He set the thicker branches in a rough box around the fire, and left it to get more wood. When he stood, his eyes were met with utter blackness. After leaning into the fire, it took a long time to readjust to starlight. By the time he could see, he was freezing again. Four times he went down to the gully to get dry wood small enough for him to break with bare hands, but big enough to burn long. He staggered with the fourth load and tumbled to the ground near the fire.Sobbing with the pain from his shattered, swollen arm, he could do no more. The stack of wood he’d ended up with was almost as big as he was, but would it last the night? He put some of the bigger pieces on, but felt no heat from the crackling fire.

Exhausted, he slowly, painfully unfolded the mylar emergency blanket and wrapped it around himself. He draped it over his shoulders and legs, leaving the front open to the fire to catch as much heat as he could. These blankets were supposedly invented by NASA, Mitch thought, his mind drifting and foggy with pain and fatigue. Supposed to retain something like ninety five percent of your body heat. Only three dollars, too. Might save my life, and for only three dollars. That’s pretty good, he thought. That’s pretty good.

Later that night, much later, with the wood gone and the fire burned low, its warmth pushed away from him by a steady breeze along the hillside, Mitch’s eyes flickered open and he saw his buck walk from the woods. It was magnificent, every bit as incredible as he’d remembered. Twenty two points, maybe more, a massive trophy rack as wide across as the banches of  a young oak. The buck glowed with a soft, brown light, with little glints of greenish fire at the tips of its antler tines. It moved silently, muscles rippling as it stepping gracefully and easily from stone to stone, never taking its eyes from Mitch. Silvery-red blood flowed from a gaping hole in its side. From his blanketed shelter, lying on the cold ground with the stars wheeling overhead, Mitch tried to lift his arms in supplication, to apologize, to say something, but he couldn’t. His mouth was too dry, his arms were too heavy, his blanketed nest on the frozen ground too warm and comfortable for him to move.

Close, closer, then close enough to touch, the buck looked at him for a long time with liquid black eyes. Fianlly, it turned away. Mitch sighed as the deer leaned back on its haunches, then leaped into the sky, leaving a trail of stars and light it its wake. The glittering shower spread across the open gully and washed over Mitch, making him feel forgiven and warm and safe and loved.

As the stars lit the snow, the owls hooted on through the night, filling the woods as they called to each other to contine their hunting.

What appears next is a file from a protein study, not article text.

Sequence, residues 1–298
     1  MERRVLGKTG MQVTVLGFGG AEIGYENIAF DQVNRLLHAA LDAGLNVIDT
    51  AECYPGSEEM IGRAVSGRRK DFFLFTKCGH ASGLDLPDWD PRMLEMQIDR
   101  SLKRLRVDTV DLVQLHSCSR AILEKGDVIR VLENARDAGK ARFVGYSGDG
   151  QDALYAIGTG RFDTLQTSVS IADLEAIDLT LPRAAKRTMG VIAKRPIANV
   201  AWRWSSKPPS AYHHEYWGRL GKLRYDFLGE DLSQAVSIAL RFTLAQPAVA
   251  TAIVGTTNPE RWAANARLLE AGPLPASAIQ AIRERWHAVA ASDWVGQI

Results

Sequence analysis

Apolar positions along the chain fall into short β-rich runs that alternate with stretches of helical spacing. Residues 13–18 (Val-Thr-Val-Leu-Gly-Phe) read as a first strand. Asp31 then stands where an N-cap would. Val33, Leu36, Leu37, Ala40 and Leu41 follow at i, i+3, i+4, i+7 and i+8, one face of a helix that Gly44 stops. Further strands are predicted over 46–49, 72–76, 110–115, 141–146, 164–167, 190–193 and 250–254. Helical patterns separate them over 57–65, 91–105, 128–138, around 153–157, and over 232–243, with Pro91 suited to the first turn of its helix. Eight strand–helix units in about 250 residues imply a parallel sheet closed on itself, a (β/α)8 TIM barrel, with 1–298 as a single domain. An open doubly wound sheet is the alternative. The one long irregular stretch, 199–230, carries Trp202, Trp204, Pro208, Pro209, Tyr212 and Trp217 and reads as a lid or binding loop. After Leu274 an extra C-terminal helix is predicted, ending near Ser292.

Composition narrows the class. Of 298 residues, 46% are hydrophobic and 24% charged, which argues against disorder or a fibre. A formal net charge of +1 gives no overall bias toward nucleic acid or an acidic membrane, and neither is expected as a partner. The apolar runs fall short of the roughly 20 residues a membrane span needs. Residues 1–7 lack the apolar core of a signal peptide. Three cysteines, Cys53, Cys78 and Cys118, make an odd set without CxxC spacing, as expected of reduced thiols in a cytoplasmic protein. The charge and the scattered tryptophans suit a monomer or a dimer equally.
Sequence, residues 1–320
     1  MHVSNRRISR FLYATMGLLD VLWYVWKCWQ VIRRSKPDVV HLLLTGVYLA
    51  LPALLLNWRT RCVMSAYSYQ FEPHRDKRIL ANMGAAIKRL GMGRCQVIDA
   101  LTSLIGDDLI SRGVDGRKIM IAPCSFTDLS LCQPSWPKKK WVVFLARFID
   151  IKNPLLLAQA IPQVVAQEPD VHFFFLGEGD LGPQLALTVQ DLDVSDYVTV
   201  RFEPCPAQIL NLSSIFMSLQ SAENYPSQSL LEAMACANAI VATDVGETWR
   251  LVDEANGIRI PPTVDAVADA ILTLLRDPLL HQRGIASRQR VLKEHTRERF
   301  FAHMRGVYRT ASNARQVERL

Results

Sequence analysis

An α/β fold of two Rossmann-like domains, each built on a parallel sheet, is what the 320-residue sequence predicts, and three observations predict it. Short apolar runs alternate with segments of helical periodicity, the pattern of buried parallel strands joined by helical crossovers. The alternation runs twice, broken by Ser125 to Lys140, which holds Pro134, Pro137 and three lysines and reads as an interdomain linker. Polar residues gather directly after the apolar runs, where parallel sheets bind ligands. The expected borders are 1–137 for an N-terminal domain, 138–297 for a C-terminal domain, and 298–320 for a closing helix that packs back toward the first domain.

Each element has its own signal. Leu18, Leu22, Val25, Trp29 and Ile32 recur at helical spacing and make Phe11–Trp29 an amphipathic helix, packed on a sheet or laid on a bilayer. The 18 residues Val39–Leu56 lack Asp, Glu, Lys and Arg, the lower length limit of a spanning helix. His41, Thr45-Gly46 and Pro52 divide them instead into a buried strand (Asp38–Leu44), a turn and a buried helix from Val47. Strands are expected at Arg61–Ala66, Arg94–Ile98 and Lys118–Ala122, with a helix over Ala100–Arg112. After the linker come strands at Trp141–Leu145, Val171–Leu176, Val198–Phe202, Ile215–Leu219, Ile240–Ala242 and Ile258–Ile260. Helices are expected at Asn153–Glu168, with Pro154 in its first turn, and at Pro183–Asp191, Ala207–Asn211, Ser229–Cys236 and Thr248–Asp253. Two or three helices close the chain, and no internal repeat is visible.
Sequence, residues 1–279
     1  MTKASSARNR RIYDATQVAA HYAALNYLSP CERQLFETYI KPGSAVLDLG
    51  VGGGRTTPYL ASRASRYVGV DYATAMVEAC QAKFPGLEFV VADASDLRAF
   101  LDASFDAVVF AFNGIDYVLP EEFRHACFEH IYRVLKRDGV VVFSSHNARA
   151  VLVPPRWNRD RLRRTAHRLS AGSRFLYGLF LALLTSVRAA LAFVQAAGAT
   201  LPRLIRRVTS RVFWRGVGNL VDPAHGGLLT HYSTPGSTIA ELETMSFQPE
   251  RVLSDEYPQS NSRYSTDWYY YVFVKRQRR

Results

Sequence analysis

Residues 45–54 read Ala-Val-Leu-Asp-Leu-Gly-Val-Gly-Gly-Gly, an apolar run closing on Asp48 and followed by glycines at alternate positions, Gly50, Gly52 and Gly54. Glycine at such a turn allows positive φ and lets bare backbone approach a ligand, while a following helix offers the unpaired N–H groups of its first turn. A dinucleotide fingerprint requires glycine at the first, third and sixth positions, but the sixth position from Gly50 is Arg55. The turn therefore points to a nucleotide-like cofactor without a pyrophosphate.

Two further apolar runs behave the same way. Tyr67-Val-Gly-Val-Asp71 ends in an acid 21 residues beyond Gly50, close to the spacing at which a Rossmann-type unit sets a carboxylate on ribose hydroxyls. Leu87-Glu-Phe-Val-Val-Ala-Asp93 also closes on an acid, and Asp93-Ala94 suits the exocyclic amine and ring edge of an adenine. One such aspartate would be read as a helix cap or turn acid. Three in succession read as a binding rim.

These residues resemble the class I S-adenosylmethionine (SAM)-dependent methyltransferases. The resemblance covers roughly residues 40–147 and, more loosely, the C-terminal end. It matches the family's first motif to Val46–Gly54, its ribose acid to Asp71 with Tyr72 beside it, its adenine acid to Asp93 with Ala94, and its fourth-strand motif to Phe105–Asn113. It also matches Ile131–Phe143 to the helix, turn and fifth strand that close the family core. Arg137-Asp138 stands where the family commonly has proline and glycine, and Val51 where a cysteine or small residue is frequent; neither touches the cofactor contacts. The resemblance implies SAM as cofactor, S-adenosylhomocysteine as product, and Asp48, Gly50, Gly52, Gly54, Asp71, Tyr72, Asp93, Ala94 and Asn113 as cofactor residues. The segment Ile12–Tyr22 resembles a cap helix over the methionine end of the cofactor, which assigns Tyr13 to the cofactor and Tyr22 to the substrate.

Tony would like to thank Jon Strother and Janet Aldrich for their assitance in beta-reading this story.


19 Responses to “Up North – (day 4)”

  1. Carrie Clevenger

    This was magical and heartwarming. Here I was expecting something bad to happen. Carried out well!

  2. Tweets that mention Up North – (day 4) « 12 Days 2010! -- Topsy.com

    […] This post was mentioned on Twitter by Icy Sedgwick, Tony Noland. Tony Noland said: "Here I was expecting something bad to happen." I guess you've read my Christmas fiction before? http://bit.ly/fEJfLu […]

  3. Susan May James

    A lovely tale! I loved this line… ‘leaving a trail of stars and light it its wake. The glittering shower spread across the open gully and washed over Mitch, making him feel forgiven and warm and safe and loved.’
    Well done.

  4. Patti Larsen

    Great descriptive writing and a tight story… I’m not a fan of hunting so the ending appealed to me!

  5. Tony Noland

    I’m glad you liked it, guys. This is based on a true story from one of my hunting trips. Loosely based, I should say.

  6. Lori Titus

    Perfect last line!

  7. Wulfie

    I’m surrounded by hunters and it’s evident that you have experience hunting and carried it well into this story. Well written. I loved the ending. Magical.

  8. Jim Bronyaur

    Awesome Tony! Awesome… I can “be there” as I remember the days of hunting with my Dad. 🙂

  9. Chuck Allen

    You certainly brought me into the story. I was getting cold until he started that fire. Great story!

  10. LindaSW

    This ended up much gentler than I thought it would. Very nice ending, and lots of great details. But now I need a hot toddy! Peace…

  11. Tony Noland

    Thanks for reading, guys. I’m glad it made you feel chilly – there’s something to be said for having a physical response to a story.

  12. Stephen

    Mother Nature in all of her splendor and fury can certainly place a spotlight on our fears and change our way of thinking. A good story.

  13. Cecilia Dominic

    I’m not a big fan of hunting, but I enjoyed this one. Great ending imagery and line. Even if he doesn’t make it out, his last moments are peaceful. And if he does, hopefully he won’t get overconfident again.


  14. David G Shrock

    A nice warm feeling with this chilly adventure.

  15. Rebecca

    Wonderful descriptions here, Tony, I could picture him huddled by the fire. Loved the magical ending.

    I also like the way you leave us wondering whether Mitch was rescued or not…

  16. Icy Sedgwick

    This kind of landscape is utterly alien to me but I could picture it perfectly. Excellent descriptions.

  17. Cindy Mantai

    The buck at the end was a brilliant touch. Great story.

  18. adampb

    A magical ending. Great descriptive power in this story, Tony.
    Adam B @revhappiness

  19. Tony Noland

    Thanks for reading & commenting, everyone. I’m glad this resonated for so many of you.

    If you’ve ever been hunting where the weather gets cold early in the season, you’ll know that this is not far off the mark. The woods in winter can be lethal, even without supernatural forces.